Insider experts pick the best products and services to help you make smart decisions with your money (here’s how). In some cases, we receive a commission from our partners, however, our opinions are our own. The terms apply to the offers listed on this page.
Federal Reserve Chairman Jerome Powell is set to announce another extra-large rate hike this afternoon, and mortgage rates rise as a result.
Most investors expect the Fed to opt for a 75 basis point increase in the fed funds rate, although a higher than 100 point increase is also possible. Mortgage rates aren’t directly affected by Fed increases, but they often go up or down based on how investors think the Fed’s actions will affect the broader economy.
The Fed has been raising rates to try to rein in inflation, but so far prices have remained stubbornly high. As long as inflation remains elevated, the Fed is likely to continue to tighten monetary policy. This means that borrowers can expect high mortgage rates for the foreseeable future.
“Based on current conditions and expectations, rates will not begin to decline until there is a consensus in economic data that indicates inflation is under control and economic growth is at a manageable level,” says Scott Haymore, head of mortgage pricing and secondary markets at TD Bank. “Looking at the fed funds futures forecast, it looks like it will be in the second half of 2023.”
mortgage rates today
|type of mortgage||average rate today|
Mortgage Refinance Rates Today
|type of mortgage||average rate today|
Use our free mortgage calculator to see how current mortgage rates will affect your monthly and long-term payments.
Your estimated monthly payment
- paying a 25% a higher down payment would save you $8,916.08 on interest charges
- Reduce the interest rate on 1% I would save you $51,562.03
- Paying an additional $500 each month would reduce the length of the loan by 146 months
By entering different terms and interest rates, you’ll see how your monthly payment might change.
Are mortgage rates going up?
Mortgage rates began rising from record lows in the second half of 2021 and have risen significantly so far in 2022. More recently, rates have been relatively volatile.
In the last 12 months, the Consumer Price Index increased by 8.3%. The Federal Reserve has been working to control inflation and plans to raise the target federal funds rate three more times this year, following hikes in March, May, June and July.
Although not directly tied to the fed funds rate, mortgage rates sometimes rise as a result of Federal Reserve rate increases and investor expectations about how those increases will affect the economy.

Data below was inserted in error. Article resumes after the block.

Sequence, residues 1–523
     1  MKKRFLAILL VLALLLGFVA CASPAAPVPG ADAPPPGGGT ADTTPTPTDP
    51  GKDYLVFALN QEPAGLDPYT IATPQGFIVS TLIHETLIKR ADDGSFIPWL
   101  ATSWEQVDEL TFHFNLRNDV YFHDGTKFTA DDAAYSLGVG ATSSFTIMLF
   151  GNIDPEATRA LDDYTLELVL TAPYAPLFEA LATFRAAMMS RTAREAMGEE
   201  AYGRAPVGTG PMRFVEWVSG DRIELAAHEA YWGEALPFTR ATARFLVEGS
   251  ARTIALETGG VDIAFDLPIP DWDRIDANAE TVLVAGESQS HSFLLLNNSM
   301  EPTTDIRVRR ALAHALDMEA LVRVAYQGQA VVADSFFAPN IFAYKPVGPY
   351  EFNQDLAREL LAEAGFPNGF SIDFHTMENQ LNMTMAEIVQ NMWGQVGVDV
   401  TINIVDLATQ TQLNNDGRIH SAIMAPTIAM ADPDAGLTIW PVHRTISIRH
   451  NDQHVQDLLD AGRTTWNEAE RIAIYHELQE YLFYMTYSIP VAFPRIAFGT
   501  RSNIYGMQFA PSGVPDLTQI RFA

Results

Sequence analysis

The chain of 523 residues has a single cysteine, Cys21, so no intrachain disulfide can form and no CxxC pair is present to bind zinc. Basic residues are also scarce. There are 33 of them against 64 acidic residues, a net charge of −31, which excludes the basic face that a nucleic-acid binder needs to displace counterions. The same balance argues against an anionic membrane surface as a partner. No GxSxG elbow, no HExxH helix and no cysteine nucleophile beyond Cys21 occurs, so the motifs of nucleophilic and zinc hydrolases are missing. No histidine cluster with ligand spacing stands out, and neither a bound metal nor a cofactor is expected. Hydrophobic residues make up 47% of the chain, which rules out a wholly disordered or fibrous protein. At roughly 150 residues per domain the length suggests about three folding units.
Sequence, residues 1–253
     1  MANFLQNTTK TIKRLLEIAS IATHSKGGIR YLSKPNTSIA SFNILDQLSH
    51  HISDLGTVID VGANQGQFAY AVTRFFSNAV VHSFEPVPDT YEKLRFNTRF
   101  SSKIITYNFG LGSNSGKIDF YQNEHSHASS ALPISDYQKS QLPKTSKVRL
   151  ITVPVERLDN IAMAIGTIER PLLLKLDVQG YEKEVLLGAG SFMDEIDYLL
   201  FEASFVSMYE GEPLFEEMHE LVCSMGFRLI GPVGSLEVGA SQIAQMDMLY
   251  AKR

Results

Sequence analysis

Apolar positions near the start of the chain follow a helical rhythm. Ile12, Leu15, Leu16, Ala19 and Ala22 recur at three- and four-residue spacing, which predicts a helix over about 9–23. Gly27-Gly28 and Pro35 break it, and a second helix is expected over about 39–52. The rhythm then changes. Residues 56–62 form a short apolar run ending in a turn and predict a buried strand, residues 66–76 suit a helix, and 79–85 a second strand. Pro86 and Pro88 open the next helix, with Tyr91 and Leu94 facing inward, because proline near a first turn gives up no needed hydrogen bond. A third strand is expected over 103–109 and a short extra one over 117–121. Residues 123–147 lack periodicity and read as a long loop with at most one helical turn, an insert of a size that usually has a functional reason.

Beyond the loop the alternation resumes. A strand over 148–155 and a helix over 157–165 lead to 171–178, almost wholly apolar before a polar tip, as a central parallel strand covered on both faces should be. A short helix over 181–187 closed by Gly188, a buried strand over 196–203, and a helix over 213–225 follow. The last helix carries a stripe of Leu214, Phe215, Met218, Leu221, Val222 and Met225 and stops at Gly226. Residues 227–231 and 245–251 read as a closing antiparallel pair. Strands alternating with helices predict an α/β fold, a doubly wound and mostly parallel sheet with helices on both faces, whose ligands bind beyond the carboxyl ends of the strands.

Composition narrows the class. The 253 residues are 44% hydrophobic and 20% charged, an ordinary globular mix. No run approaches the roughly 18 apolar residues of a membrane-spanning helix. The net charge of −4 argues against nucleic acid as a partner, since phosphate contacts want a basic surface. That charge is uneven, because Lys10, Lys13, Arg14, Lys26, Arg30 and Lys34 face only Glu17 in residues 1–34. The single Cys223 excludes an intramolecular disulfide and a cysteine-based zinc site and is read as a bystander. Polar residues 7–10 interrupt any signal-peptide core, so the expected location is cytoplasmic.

Inflation remains high, but has started to slow, which is a good sign for mortgage rates and the broader economy.
What do high rates mean for the real estate market?
When mortgage rates rise, homebuyers’ purchasing power declines, as more of their anticipated housing budget has to go toward interest payments. If rates go high enough, buyers can be pushed out of the market altogether, cooling demand and putting downward pressure on home price growth.
However, that doesn’t mean home prices are going to fall; in fact, they’re expected to rise even higher this year, just at a slower pace than we’ve seen in the past two years.
Even with fewer buyers in the market, those who can afford to buy will continue to compete for historically low inventory. When there are more buyers than houses available, house prices go up. So while conditions may relax a bit due to high rates, we are not likely to see a significant drop in prices.
What is a good mortgage rate?
It can be difficult to know if a lender is offering you a good rate, which is why it’s so important to get pre-approved with multiple mortgage lenders and compare each offer. Get pre-approved with at least two or three lenders.
Your rate is not the only thing that matters. Be sure to compare both what your monthly costs would be and your initial costs, including lender fees.
Although mortgage rates are heavily influenced by economic factors beyond your control, there are a few things you can do to ensure you get a good rate:
- Consider fixed rates versus adjustable rates. You may be able to get a lower introductory rate with an adjustable-rate mortgage, which can be a good thing if you plan to move before the introductory period ends. But a fixed rate might be better if you’re buying a forever home because you won’t risk your rate going up later. Look at the rates your lender offers and weigh your options.
- Look at your finances. The stronger your financial situation, the lower your mortgage rate should be. Look for ways to raise your credit score or lower your debt-to-income ratio, if necessary. Saving for a higher down payment also helps.
- Choose the right lender. Each lender charges different mortgage rates. Choosing the right one for your financial situation will help you get a good rate.